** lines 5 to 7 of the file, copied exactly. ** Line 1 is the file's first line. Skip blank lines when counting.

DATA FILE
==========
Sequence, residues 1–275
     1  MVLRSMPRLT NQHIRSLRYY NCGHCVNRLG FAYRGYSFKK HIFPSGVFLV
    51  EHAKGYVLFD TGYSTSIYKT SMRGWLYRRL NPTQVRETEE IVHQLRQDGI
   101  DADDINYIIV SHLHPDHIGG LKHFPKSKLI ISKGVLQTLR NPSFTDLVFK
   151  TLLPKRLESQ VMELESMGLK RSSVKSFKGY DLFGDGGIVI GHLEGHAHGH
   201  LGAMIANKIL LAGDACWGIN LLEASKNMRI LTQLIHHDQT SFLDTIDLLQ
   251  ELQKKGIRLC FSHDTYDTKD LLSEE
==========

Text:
   151  TLLPKRLESQ VMELESMGLK RSSVKSFKGY DLFGDGGIVI GHLEGHAHGH
   201  LGAMIANKIL LAGDACWGIN LLEASKNMRI LTQLIHHDQT SFLDTIDLLQ
   251  ELQKKGIRLC FSHDTYDTKD LLSEE